The South African sugar industry boasts that it produces sugar more cheaply than 85 per cent of its global competitors. Despite the recent drop in cane production, profits continue to rise for sugar giants Illovo and Tongaat-Hulett. Yet an investigation of working conditions on sugarcane farms suggests that in the race to lower costs and maximize profits, workers end up being squeezed.

The end of apartheid promised improvements in farmworkers’ conditions. Farmworkers won the right to unionize; secured residency rights on farms if they had lived there for more than 20 years; and eventually gained a minimum wage and labor protections. Govinsamy argues that overall, conditions have improved. However, the shift from a both oppressive and paternalistic relationship between landowner and worker, to a less personal but not necessarily better-regulated arrangement, means that for some farmworkers, have actually gotten worse.

Farmworkers continue to earn extremely low wages. Despite a mandated minimum wage of R1503.90 (USD 185) a month, a 2004 report by the South African Human Rights Commission documented salaries as low as R60 (USD 8) a month for farmworkers.

Cane workers interviewed on large farms and estates earn around the minimum wage. After deductions for rent, protective gear, unemployment insurance, and cut hours, however, there is little left. “I spend R90 on rent, R 700 on food,” calculates Mr. Maranti. “And I still need to support my family. I want to buy them clothing, pay for school fees, purchase furniture, like a normal-looking person.”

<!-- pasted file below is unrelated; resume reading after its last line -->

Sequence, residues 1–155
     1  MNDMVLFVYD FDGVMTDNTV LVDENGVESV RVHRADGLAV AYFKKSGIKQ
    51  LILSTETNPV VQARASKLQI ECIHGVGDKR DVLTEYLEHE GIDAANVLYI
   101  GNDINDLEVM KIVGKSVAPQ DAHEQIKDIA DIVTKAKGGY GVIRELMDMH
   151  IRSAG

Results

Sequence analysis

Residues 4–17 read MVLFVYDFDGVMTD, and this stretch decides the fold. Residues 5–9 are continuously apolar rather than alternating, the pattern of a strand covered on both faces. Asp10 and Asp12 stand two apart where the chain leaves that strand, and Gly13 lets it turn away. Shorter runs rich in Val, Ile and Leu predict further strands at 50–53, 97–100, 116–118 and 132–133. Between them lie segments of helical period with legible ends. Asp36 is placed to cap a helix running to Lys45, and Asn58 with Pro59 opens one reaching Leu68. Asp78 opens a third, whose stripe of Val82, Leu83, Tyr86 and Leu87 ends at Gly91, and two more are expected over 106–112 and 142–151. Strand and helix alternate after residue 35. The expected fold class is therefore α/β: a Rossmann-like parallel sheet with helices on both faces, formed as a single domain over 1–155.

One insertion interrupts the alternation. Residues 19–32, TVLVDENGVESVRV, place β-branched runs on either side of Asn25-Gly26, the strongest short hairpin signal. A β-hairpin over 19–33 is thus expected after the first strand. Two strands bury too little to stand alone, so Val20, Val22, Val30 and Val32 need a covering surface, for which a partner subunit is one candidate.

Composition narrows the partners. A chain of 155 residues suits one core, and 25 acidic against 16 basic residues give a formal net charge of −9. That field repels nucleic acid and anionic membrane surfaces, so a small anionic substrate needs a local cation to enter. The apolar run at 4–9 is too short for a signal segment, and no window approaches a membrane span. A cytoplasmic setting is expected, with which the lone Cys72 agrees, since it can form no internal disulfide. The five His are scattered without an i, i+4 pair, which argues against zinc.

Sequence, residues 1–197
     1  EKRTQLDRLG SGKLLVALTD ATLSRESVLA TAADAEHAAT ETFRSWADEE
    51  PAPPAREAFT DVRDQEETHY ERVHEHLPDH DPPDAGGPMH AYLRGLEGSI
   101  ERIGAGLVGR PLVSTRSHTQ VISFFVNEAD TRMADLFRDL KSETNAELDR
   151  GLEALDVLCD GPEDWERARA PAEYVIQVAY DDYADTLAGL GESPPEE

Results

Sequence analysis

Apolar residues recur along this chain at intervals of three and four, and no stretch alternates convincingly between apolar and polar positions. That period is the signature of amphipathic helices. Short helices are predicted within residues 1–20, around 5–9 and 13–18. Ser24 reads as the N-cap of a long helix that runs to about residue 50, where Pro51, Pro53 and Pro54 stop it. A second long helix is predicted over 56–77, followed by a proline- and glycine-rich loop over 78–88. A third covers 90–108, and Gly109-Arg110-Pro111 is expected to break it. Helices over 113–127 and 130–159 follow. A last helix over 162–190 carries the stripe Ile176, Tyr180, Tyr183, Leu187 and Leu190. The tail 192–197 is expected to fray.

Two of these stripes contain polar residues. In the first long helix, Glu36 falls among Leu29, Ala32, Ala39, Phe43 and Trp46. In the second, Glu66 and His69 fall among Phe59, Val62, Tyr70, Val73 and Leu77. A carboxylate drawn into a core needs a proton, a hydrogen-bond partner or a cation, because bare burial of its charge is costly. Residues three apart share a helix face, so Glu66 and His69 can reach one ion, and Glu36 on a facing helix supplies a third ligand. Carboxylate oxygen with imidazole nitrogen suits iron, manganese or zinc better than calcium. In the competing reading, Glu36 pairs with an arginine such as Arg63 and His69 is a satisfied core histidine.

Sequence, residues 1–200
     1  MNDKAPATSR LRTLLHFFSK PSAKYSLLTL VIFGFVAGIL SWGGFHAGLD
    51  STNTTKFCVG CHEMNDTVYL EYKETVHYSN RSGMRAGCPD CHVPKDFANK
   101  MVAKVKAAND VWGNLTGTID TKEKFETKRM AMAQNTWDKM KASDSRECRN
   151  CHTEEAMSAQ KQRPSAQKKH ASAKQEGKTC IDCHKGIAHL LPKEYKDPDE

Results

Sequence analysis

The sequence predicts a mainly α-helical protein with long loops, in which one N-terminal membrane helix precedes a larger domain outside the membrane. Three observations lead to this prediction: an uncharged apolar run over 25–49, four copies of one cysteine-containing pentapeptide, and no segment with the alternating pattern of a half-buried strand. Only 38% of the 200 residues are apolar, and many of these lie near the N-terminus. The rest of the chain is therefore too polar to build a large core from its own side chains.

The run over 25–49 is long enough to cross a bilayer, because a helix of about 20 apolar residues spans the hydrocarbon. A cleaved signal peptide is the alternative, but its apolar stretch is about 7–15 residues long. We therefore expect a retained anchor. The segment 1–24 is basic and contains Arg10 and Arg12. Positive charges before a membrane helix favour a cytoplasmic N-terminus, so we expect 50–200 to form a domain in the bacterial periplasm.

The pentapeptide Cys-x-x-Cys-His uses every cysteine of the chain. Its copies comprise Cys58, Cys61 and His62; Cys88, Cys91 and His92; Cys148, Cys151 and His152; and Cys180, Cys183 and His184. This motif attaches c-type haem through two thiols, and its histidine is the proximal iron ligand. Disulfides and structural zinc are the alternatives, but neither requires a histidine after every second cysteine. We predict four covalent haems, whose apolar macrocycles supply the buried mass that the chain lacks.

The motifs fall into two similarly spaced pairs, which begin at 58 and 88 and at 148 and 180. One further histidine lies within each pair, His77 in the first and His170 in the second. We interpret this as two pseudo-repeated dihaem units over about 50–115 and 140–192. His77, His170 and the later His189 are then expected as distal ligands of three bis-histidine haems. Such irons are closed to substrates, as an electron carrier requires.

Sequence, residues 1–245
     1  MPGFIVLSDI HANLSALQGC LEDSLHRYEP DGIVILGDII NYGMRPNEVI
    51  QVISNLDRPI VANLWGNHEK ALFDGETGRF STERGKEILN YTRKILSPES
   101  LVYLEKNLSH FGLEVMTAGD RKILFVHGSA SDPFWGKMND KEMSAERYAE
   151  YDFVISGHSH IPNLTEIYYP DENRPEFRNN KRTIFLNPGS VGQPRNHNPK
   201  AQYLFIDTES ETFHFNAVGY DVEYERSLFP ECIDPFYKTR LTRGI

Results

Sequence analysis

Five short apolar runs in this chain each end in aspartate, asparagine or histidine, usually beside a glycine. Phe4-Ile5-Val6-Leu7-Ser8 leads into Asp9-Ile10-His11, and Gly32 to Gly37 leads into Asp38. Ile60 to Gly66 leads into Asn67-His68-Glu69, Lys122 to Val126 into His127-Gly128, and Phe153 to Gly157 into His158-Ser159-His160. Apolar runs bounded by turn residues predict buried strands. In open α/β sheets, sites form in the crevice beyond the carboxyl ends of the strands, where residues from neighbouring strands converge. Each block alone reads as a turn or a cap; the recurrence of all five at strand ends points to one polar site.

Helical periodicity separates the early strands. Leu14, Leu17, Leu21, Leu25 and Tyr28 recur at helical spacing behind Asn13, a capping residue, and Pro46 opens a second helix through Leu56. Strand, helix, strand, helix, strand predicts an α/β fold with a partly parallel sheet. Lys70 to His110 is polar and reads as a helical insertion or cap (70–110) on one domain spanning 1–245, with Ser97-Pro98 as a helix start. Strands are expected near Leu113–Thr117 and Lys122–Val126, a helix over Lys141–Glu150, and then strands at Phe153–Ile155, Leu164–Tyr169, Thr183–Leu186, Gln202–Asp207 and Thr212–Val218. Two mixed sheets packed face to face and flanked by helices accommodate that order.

According to the law, employers may not make deductions for tools, uniforms, training, utilities or grazing of livestock. However, some employers do not provide the necessary occupational health and safety equipment, explains Mr. Vizinto. To illustrate the point, Mr. Vizinto opens his hands to show the large blisters on his palms, calloused from repetitive wounds.

Those working for small growers generally earn less. Mr. Dyalivane, who works at a farm recently sold by Illovo to a small grower, earns less than R1000 a month. Rather than trying to retain workers, the farm owner draws on a revolving door of laborers recruited via long-established networks with the Eastern Cape. “He is constantly hiring and firing. Some leave, some stay, others bite the dust.”

On many cane farms, pay continues to be tied to performance. Repercussions for not meeting targets include docked pay, no pay, suspension without pay, and dismissal. This system incentivizes long working hours. Ms. Melento, who is in her 40s, is a field hand: “I work from 6:30am to 2:30pm. I don’t get teatime, I don’t get a lunch break, I work non-stop so I can meet the target. I have to bring my own water; I’m not allowed to bring a lunchbox. Weeding is hard physical labor but I have nothing to eat.”